One of the more recent additions to Li Xiangxi’s collection, this Big Red Robe is harvested from some of the older tea plants in her care. Compared to Verdant’s regular Big Red Robe (a tea which I admittedly have not had since March), this one comes across as spicier and quirkier. I found that I enjoyed it, though I did enjoy the sweeter, fruitier regular Big Red Robe slightly more.

I prepared this tea gongfu style. After a quick rinse, I steeped 5 grams of loose tea leaves in 4 ounces of 208 F water for 5 seconds. This infusion was followed by 13 subsequent infusions. Steep times for these infusions were as follows: 8 seconds, 11 seconds, 15 seconds, 20 seconds, 25 seconds, 30 seconds, 40 seconds, 50 seconds, 1 minute 5 seconds, 1 minute 30 seconds, 2 minutes, 3 minutes, and 5 minutes.

Prior to the rinse, the dry tea leaves emitted a spicy aroma reminiscent of a combination of char, limestone, and ginger. After the rinse, I detected slightly more distinct aromas of limestone, ginger, char, moist wood, earth, and leather. There was also a slightly floral presence that reminded me a little of osmanthus, though I do not feel that comparison is remotely accurate. The first infusion produced a similar, albeit more mellow, settled aroma. In the mouth, I immediately detected mineral, brown sugar, tobacco, leather, elderberry, earth, moist wood, and char notes. There was an earthy spiciness on the finish reminiscent of ginger and a floral, resinous quality that reminded me a bit of the aloeswood incense I used to buy as an undergraduate. I also continued to pick up a somewhat vague floral note that I could not place. Subsequent infusions were spicier, earthier, fruitier, and more floral, introducing more pronounced notes of ginger, minerals, brown sugar, elderberry, and aloeswood accompanied by notes of golden raisin and stewed apricot. The vague floral character began to merge with a fresh vegetal quality that immediately put me in mind of daylily shoots. Later infusions were very mellow, presenting a mix of minerals and ginger underscored by traces of aloeswood, char, moist wood, and daylily. I also began to note a buttery, starchy quality that I found to be very reminiscent of popcorn.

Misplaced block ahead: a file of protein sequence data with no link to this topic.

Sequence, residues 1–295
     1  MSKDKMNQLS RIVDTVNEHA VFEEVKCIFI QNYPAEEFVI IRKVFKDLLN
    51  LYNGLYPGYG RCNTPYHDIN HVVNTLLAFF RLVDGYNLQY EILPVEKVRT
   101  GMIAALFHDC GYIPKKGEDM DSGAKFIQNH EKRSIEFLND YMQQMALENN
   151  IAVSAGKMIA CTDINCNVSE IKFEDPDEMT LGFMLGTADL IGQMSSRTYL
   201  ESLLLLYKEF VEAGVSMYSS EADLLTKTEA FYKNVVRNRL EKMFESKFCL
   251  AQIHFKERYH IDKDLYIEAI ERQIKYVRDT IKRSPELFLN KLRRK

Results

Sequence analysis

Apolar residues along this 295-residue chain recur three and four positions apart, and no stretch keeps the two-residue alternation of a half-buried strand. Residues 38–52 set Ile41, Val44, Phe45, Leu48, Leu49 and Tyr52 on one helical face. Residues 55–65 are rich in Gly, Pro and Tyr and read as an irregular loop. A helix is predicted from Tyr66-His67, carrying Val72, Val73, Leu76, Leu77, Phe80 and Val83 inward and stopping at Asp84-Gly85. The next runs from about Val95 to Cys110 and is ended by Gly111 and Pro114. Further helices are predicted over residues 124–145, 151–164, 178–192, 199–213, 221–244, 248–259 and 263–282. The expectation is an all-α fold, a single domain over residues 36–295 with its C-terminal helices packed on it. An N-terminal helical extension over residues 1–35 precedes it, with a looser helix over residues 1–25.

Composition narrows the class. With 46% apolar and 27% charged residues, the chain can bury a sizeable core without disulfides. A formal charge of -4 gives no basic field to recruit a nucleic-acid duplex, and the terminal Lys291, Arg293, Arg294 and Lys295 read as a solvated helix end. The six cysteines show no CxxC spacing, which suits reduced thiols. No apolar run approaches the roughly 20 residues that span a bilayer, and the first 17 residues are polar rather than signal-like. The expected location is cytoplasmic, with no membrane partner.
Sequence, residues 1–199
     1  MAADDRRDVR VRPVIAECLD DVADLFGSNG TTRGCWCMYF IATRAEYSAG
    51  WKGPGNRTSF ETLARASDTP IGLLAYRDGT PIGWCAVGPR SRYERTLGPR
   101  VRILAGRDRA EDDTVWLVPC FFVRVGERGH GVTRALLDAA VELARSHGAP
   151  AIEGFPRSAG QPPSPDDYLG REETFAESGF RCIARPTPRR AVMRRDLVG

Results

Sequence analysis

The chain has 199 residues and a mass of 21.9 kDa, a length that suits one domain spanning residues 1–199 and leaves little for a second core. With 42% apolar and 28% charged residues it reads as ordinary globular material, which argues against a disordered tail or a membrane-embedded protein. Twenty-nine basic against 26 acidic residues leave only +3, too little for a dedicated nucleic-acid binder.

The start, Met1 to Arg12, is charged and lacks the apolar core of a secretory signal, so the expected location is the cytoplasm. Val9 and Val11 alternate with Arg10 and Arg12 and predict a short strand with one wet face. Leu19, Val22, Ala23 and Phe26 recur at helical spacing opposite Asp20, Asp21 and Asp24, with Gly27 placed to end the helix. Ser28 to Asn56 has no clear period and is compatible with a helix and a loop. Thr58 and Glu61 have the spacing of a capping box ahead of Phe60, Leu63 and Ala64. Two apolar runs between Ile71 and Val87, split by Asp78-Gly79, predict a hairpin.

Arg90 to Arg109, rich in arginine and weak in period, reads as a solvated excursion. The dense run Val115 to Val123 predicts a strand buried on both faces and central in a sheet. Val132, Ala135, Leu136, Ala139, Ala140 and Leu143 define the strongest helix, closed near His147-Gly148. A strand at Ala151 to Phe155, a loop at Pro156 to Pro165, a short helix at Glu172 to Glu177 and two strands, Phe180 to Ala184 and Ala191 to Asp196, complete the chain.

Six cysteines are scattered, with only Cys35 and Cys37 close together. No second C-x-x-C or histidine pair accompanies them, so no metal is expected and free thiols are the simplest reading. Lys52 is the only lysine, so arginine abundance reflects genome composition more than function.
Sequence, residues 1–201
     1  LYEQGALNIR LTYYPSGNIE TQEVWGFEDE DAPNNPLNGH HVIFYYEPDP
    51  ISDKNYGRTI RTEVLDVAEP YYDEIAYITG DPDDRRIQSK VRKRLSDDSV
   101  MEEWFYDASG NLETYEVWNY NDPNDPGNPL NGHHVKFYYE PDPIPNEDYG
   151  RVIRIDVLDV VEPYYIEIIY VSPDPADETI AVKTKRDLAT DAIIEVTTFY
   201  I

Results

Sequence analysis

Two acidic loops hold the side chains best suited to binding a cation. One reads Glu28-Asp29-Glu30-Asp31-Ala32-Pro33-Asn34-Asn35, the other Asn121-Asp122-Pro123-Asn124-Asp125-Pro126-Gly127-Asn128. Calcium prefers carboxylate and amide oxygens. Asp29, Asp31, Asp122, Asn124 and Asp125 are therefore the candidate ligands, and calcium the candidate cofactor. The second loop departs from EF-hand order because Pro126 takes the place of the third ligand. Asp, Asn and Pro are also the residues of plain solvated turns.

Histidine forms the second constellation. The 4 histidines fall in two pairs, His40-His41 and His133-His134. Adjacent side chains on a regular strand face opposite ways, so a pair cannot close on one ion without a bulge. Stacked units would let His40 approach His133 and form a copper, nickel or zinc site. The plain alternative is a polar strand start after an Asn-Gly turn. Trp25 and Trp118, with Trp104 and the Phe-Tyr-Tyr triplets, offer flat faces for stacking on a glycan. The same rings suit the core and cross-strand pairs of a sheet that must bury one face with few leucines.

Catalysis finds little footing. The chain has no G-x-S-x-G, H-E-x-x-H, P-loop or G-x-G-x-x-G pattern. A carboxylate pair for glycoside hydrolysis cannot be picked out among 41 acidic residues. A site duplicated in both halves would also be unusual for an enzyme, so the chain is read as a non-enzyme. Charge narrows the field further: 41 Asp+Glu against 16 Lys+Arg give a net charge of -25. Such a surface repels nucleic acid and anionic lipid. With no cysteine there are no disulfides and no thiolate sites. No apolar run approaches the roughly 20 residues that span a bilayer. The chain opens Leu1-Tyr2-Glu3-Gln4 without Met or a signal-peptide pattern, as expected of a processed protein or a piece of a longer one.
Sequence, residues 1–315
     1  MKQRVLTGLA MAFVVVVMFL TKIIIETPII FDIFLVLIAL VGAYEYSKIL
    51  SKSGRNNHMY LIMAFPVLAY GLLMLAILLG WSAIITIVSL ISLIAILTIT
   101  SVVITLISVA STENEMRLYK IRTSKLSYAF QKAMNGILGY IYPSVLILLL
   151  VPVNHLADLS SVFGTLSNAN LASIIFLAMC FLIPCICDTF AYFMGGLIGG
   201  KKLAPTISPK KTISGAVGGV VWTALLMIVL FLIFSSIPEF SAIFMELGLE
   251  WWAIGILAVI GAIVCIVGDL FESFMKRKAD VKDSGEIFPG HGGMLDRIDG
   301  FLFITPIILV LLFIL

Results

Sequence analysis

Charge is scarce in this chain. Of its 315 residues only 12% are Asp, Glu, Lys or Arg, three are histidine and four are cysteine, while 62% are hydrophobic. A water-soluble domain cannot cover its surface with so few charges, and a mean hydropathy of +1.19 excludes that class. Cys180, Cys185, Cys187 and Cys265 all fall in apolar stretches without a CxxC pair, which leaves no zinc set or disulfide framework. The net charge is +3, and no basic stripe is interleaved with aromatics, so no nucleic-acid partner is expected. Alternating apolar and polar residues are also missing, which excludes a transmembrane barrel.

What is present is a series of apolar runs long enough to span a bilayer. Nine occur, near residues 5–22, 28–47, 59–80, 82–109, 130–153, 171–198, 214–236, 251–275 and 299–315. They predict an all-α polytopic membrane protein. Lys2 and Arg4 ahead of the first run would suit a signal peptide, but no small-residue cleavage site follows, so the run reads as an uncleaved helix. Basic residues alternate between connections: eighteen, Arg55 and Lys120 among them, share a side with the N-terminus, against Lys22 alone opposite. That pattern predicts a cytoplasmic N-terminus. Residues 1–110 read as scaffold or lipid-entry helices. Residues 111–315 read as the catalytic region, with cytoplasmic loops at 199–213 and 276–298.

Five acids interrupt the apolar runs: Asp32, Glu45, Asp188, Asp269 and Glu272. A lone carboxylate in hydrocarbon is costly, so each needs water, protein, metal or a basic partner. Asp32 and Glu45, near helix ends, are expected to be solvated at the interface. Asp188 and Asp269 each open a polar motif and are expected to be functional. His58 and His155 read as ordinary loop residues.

I’ve had several Big Red Robes fairly recently and this one stood out to me for its quirkiness and complex layers of aromas and flavors. I am not certain that I would feel comfortable recommending this tea to someone new to this style or to Wuyi oolongs in general, but I do feel that this tea made for an extremely interesting contrast with Verdant’s regular Big Red Robe. In the end, I enjoyed this one, but found it difficult to rate.

Flavors: Apricot, Brown Sugar, Char, Earth, Floral, Fruity, Ginger, Leather, Mineral, Osmanthus, Popcorn, Raisins, Spicy, Tobacco, Wood

Boiling 5 g 4 OZ / 118 ML

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My grading criteria for tea is as follows:

90-100: Exceptional. I love this stuff. If I can get it, I will drink it pretty much every day.

80-89: Very good. I really like this stuff and wouldn’t mind keeping it around for regular consumption.

70-79: Good. I like this stuff, but may or may not reach for it regularly.

60-69: Solid. I rather like this stuff and think it’s a little bit better-than-average. I’ll drink it with no complaints, but am more likely to reach for something I find more enjoyable than revisit it with regularity.

50-59: Average. I find this stuff to be more or less okay, but it is highly doubtful that I will revisit it in the near future if at all.

40-49: A little below average. I don’t really care for this tea and likely won’t have it again.

39 and lower: Varying degrees of yucky.

Don’t be surprised if my average scores are a bit on the high side because I tend to know what I like and what I dislike and will steer clear of teas I am likely to find unappealing.



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